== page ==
Back extensions being performed using a Roman chair for support

A back extension is an exercise that works the lower back as well as the mid and upper back, specifically the Erector spinae. Each of us have two Erector spinae muscles, one of either side of the spine that run along the entire length of the spine. Erector spinae muscles are actually formed of three smaller muscles – spinalis, longissimus, and iliocostalis.[1]

Hyperextension as a misnomer

Further information: Hyperextension

The name hyperextension is commonly used for back extension exercises that are done using a hyperextension bench in a fitness gym. However the name 'hyperextensions' is a misnomer, because hyperextension means a movement where extension is performed at any joint beyond its normal range of motion. Instead, what one is trying to achieve in the back extension exercise is only to extend the spine within its normal range and not beyond its normal range of motion. When you extend the back from the flexed position, at the end range, your head and neck stays in neutral position.[2]

In fact, back extension beyond the normal range of motion has been found to be detrimental for the exerciser. Hyperextensions during dead lift have been found to lead to lumbar disc pathologies and muscular spasms.[3]

Equipment used

Back extension performed at an angle using an exercise ball

Back extensions can be performed with or without various equipment.

Without any equipment
It may be performed on the ground by lying prone with arms overhead and lifting the arms, upper torso, and legs as far as possible. Here you use gravity as resistance to strengthen the back extensor muscles.[4]
Using a Roman chair
A Roman chair helps to stabilize the legs up until the hip joints while performing low back extension. To perform the exercise, the torso from above the hip joints is flexed forwards and down towards the floor. And to complete the exercise, the person contracts his back muscles (Erector spinae) and raises his torso up till his whole body is in a straight line from his head to heels. Exercises could be more challenging by adding the person hugging weights to his chest. Lighter weights may be used to begin with to prevent straining the back muscles with over-exertion. Hold the weight lower in position, if you are a beginner and then gradually bring it higher, to feel more resistance.[2]
Using a back extension bench (hyperextension bench)
There are two varieties of back extension benches depending upon the angle that they support your lower body, the 45 degrees and 90 degrees back extension bench. The 90 degrees back extension bench is also called Roman chair that was discussed above. Here the body lies horizontally and the person can experience full back range of motion. This stands in comparison to the 45 degree back extension bench, where the person would be almost standing and it allows extension only up to partial range of motion. In both the versions of the back extension bench, the person is requested to fold their arms in front of themselves or place their hands on the back of the head with the elbows pointing to the sides, while performing the exercise.[2]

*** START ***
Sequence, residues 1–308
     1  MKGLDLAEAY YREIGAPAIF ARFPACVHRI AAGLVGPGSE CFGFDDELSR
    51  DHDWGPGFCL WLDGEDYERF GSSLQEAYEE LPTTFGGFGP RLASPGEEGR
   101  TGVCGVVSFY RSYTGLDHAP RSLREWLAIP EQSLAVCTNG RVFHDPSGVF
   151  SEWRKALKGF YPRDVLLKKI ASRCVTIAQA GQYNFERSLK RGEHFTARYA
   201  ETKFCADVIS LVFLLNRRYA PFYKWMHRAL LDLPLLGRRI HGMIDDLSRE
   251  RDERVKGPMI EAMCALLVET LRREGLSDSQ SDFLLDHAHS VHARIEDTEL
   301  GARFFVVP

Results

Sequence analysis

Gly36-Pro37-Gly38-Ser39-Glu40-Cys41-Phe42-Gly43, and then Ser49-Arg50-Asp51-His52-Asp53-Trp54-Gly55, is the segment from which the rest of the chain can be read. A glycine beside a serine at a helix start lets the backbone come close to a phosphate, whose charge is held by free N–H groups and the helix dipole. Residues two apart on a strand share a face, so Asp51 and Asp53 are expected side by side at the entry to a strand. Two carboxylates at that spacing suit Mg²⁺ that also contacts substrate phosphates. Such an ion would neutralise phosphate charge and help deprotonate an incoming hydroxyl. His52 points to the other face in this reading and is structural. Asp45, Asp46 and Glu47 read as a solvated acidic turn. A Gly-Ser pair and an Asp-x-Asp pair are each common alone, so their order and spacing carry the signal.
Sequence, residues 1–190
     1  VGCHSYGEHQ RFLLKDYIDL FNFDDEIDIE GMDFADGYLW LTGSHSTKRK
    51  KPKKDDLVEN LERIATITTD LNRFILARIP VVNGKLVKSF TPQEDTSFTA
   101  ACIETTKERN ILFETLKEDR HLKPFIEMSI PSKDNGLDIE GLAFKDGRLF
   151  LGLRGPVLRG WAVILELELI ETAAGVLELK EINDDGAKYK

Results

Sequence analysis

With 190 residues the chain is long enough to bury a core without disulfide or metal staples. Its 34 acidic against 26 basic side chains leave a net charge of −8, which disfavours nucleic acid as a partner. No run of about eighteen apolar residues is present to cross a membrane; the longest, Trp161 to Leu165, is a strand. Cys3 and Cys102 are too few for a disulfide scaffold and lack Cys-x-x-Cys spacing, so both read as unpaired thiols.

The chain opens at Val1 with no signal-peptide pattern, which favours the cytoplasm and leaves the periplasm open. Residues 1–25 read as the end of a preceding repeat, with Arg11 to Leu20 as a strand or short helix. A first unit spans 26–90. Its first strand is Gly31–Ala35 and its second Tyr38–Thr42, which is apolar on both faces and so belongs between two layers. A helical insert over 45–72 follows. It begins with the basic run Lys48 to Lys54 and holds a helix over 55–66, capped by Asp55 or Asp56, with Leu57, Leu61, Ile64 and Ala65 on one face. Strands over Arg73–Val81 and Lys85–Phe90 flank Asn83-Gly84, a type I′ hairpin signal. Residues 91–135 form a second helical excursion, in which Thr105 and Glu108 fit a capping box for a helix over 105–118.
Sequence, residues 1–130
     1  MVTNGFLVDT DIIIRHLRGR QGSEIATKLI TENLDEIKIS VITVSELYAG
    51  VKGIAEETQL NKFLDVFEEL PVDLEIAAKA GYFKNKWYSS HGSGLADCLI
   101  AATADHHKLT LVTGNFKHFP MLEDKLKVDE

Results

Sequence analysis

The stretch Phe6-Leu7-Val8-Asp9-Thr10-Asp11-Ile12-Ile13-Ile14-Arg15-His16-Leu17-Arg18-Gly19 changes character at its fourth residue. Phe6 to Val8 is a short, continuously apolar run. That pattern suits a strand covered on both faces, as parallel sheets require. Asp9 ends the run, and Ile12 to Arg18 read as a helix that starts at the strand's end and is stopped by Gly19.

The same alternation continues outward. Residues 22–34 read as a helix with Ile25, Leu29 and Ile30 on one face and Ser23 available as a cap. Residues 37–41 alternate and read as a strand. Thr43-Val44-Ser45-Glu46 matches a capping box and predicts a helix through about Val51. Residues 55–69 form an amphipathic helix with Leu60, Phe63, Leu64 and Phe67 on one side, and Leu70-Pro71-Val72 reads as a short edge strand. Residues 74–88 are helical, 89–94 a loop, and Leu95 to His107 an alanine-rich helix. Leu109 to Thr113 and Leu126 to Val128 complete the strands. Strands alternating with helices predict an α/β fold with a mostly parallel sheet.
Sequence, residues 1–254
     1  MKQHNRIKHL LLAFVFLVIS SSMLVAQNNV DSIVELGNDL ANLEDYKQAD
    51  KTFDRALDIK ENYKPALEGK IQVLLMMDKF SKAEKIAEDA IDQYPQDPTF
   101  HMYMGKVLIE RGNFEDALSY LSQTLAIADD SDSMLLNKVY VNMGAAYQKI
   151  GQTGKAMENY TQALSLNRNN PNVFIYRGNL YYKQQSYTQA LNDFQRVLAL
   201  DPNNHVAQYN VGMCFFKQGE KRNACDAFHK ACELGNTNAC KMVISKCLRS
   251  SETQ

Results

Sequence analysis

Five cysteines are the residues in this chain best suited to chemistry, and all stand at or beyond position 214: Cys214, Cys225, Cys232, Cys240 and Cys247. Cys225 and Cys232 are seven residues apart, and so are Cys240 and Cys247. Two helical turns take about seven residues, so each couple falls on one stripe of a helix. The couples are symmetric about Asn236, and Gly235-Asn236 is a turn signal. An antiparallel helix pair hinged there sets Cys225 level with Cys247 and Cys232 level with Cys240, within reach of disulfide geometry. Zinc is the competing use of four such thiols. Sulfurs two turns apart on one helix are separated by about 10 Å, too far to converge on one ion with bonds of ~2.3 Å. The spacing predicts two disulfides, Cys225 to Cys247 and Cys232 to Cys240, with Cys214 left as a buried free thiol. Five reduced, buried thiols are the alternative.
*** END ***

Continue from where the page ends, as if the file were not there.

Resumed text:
Using a reverse back extension machine (reverse hyperextension machine)
This machine has been used to strengthen not only the erector spinae muscle, but also gluteus maximus and part of hamstring muscles (biceps femoris). When back extension is attempted with this machine, the range of motion at hip is found to be relatively more, while the accompanying stresses at hip and back have been found not to relatively less.[5]

See also


  1. ^ Kendall, Florence P. (2014). Muscles: Testing and Function, with Posture and Pain. Wolters Kluwer Health. ISBN 978-0781747806.
  2. ^ a b c Fetters, K. Aleisha (2019-01-29). "Build a Bigger Back With These 8 Exercises". Men's Health. Retrieved 2021-06-22.
  3. ^ DailyBurn, Amy Schlinger for Life by (2015-06-05). "10 dangerous exercises that lead to injuries". CNN. Retrieved 2021-08-21.
  4. ^ Adam, Lisa (2017-09-14). "6 Exercises That Don't Require Equipment". Wize Prep. Retrieved 2019-04-17.
  5. ^ Lawrence, Michael A.; Chin, Andrew; Swanson, Brian T. (2019). "Biomechanical Comparison of the Reverse Hyperextension Machine and the Hyperextension Exercise". Journal of Strength and Conditioning Research. 33 (8): 2053–2056. doi:10.1519/JSC.0000000000003146. ISSN 1064-8011. PMID 30946266.